But prosecutor Rodway said Hall's crimes were anything but ladylike, and he told Judge Smith how amazed he was when he first learned that such horrendous things had been done by females. "[The victim] offered to give them a ride home — and what happened to her shouldn't have happened to a dog," said Rodway. "Hall may not have held the knife, but she was directly involved."
He also said the incident was no spur-of-the-moment affair: "This was thought out. The victim was set up, and it turned into a living hell [for her]. Hall will be incarcerated a long time, but the victim will suffer more than Hall will."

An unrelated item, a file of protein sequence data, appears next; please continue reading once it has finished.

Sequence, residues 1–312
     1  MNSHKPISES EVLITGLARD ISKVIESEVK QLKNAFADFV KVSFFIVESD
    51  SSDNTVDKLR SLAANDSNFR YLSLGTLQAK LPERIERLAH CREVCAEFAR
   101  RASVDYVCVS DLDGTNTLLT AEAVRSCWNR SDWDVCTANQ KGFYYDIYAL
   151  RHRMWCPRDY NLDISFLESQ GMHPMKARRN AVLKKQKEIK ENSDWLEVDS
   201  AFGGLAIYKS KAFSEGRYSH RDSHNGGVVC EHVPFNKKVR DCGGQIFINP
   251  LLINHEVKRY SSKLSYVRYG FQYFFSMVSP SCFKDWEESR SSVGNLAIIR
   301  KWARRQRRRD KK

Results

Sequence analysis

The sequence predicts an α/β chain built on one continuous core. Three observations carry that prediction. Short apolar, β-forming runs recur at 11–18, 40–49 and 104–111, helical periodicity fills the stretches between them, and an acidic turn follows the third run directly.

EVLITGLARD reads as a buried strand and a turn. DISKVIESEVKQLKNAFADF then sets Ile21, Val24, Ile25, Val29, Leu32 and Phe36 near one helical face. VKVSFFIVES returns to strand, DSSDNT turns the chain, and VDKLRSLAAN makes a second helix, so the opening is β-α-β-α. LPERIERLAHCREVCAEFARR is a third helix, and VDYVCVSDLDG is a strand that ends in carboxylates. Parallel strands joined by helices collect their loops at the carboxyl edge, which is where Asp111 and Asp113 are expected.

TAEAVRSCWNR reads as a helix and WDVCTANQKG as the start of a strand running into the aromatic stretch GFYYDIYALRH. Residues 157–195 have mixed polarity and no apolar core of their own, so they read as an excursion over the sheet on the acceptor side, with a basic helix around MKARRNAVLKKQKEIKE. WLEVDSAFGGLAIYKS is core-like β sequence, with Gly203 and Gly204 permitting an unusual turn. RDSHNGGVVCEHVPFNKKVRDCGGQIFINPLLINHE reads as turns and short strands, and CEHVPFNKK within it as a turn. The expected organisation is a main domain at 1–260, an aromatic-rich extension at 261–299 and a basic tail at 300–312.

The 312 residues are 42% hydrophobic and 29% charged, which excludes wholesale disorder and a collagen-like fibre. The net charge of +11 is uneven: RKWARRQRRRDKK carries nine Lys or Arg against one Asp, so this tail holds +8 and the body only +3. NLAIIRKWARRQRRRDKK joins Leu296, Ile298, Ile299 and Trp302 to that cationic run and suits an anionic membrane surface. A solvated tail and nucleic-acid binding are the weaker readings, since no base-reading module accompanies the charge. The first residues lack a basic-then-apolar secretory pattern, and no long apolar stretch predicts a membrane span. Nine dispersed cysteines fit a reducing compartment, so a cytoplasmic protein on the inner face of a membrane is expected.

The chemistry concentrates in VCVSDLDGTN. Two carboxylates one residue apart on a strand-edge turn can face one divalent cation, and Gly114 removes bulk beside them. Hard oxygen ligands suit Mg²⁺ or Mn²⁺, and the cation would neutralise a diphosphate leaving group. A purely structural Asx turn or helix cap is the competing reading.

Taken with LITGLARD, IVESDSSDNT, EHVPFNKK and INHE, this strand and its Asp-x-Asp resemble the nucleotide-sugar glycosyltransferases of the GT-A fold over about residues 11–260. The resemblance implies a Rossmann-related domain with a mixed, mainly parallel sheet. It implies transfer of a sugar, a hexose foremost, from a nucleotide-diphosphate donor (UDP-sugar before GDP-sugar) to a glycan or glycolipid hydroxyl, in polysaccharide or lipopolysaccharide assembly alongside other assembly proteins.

Public defender Mike Sprano said his client understood that her punishment would be "substantial," and he acknowledged that she'd committed a terrible crime. "The victim-impact statement speaks volumes," he said. "[Hall] was a direct participant, and society does have to be protected."
He then asked Smith to sentence her to the midpoint of the state sentencing guidelines, 7 to 10 1/2 years. And Sprano implored him to "look at all the evidence of [Hall's] character — both good and bad," plus all the good people who testified for her. Furthermore, he said, "When the co-defendant let [the victim] go, she told her, 'The only reason I'm not gonna kill you is because Nyquie told me not to.'"
He said Hall was remorseful for her actions, empathizes with the victim and realizes the emotional scars the woman will always bear because of what she and her accomplice did. He told Smith there's "nothing you or [Hall] can do to take away [the victim's] suffering or make her whole again. This is certainly the worst thing that Miss Hall has ever done, but this isn't part of a pattern of violent behavior."